Physician Assistants: Their Contribution to Health Care was published in 1982. The book, co-authored by Henry B. Perry and Bina Breitner, was written while Perry was a surgical resident at the Maine Medical Center in Portland. The book provided a historical review of the PA profession’s development during its first two decades and explored future use of PAs in the USA, Europe and developing countries. In the book, Perry called for an increase in the training of PAs to improve the distribution of health manpower and make health care services more available to the underserved in isolated rural areas and in low-income urban areas, to reduce the country’s dependence on foreign medical graduates, and to make it possible to reduce the oversupply of general surgeons which was a policy issue at that time. In addition to primary care, Perry saw an increasing need for PAs to assist specialists, especially surgeons. In 1984, Perry co-edited a book with Reginald Carter titled Alternatives in Health Care Delivery: Emerging Roles for Physician Assistants. The book was written for physicians, PAs, health educators, health administrators and policy makers. The authors were MDs, PAs, health policy experts and educators who were intimately involved in the PA profession and wrote from experience. Both books helped shape future policy making decisions during the 1980’s. Because of his significant contribution to the development of the PA profession, Perry was made an honorary PA by the AAPA in 1985.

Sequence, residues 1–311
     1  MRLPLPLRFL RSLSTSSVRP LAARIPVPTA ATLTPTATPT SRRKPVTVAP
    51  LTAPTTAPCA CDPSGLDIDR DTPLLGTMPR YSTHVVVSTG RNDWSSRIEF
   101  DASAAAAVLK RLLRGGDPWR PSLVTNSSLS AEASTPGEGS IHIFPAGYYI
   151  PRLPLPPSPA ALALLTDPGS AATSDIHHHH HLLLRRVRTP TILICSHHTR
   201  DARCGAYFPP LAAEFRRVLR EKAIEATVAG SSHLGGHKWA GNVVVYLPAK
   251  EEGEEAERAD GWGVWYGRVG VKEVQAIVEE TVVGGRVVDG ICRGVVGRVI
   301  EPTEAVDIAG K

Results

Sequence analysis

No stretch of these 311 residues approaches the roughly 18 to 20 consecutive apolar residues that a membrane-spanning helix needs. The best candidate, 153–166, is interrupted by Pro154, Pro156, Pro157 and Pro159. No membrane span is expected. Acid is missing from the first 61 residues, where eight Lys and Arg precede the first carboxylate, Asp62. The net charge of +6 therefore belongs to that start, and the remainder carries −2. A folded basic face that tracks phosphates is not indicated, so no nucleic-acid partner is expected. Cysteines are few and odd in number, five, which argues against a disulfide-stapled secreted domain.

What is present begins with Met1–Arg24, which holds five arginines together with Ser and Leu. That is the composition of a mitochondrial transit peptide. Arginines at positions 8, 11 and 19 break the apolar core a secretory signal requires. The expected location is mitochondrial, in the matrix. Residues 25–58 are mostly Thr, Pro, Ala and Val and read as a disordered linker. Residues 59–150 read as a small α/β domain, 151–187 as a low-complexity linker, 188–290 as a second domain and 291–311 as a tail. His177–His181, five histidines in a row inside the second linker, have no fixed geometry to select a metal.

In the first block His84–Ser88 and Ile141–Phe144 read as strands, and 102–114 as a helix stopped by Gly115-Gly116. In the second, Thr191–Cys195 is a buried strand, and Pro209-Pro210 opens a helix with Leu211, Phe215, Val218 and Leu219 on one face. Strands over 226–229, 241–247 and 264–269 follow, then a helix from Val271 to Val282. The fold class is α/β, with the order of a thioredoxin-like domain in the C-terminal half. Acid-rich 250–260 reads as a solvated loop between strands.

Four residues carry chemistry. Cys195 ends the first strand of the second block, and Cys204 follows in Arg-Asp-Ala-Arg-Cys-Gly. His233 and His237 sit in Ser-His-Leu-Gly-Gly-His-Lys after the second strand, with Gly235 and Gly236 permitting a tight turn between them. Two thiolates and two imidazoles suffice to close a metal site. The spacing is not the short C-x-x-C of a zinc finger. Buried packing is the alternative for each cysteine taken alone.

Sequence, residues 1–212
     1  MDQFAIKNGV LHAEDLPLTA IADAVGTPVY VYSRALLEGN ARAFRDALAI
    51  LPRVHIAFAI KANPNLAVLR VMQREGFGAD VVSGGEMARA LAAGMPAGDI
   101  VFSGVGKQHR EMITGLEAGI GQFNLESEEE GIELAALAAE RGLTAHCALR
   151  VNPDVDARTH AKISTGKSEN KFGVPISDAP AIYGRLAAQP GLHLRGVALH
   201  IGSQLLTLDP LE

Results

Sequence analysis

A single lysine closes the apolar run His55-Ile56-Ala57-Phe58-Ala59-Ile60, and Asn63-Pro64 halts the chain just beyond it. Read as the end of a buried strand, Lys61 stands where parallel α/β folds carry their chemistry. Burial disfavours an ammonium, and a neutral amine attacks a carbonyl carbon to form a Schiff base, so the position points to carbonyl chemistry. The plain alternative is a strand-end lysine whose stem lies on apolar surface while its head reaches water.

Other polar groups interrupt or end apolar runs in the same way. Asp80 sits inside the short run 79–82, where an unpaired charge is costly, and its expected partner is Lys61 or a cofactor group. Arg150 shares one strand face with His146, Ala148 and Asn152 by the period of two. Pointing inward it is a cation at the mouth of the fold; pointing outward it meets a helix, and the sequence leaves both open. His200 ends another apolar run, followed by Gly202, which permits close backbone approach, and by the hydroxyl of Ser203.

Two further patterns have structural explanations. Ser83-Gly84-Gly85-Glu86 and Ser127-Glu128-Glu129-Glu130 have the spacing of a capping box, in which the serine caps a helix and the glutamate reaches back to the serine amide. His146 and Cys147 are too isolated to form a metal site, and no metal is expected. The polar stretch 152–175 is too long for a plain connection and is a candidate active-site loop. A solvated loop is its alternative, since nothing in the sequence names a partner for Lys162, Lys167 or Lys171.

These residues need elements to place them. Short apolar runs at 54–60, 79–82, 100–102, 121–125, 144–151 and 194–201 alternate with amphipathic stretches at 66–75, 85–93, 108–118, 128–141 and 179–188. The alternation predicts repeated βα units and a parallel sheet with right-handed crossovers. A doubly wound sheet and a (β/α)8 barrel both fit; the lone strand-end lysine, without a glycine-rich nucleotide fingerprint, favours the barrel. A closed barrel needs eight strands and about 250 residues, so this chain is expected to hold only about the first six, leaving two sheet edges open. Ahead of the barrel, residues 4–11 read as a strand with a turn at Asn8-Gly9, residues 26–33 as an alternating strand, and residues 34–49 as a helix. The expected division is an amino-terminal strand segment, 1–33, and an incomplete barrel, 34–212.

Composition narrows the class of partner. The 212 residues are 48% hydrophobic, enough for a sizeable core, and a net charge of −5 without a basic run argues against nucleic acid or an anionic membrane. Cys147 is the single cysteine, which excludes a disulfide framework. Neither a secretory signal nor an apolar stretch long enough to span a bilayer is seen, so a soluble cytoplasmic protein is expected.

Perry was born in Boone, NC, a small community located in the Appalachian Mountains. He received his undergraduate degree from Duke University in 1968 and entered the Duke University School of Medicine the following academic year. After his second year of medical school, Perry transferred to the Johns Hopkins University where he obtained his MPH, MD and PhD degrees. He interned at Johns Hopkins University, Baltimore City Hospitals (now Bayview Medical Center) from 1974-1975 in internal medicine and then went to the Maine Medical Center in Portland to complete his residency in general surgery in 1981. Perry’s advanced training in public health, the social sciences, and general surgery prepared him for his role in helping improve the delivery of health care to developing countries and medically underserved communities.
His interests in community health brought him in contact with Dr. Harvey Estes, Jr. who chaired Duke’s Department of Family Medicine and Community Health Sciences at the time. Estes exposed him to the PA concept and as a medical student, he learned alongside several of the first PA students at Duke in the fall of 1969. He was impressed with their competence, compassion and maturity. When he began studying public health at Hopkins the following year, he realized the potential of mid-level health professionals to underserved areas of developing countries. PAs were also of interest to two Hopkins’ faculty, Dr. Archie Golden and Dr. Dennis Carlson, both having many years of experience in Latin America and Africa, respectively. As a graduate student in the Department of Social Relations, Perry decided to conduct a national survey of the physician assistant and Dr. Dory Storms of Hopkins and Suzanne Greenberg of Northeastern University were extremely supportive and helpful. As a result, he was able to carry out the first extensive survey of the profession in 1974. Later, as a surgical resident in Maine, the obvious contributions of physician assistants to surgical services led Perry to conduct another survey – this time of large hospitals to assess their current use of physician assistants.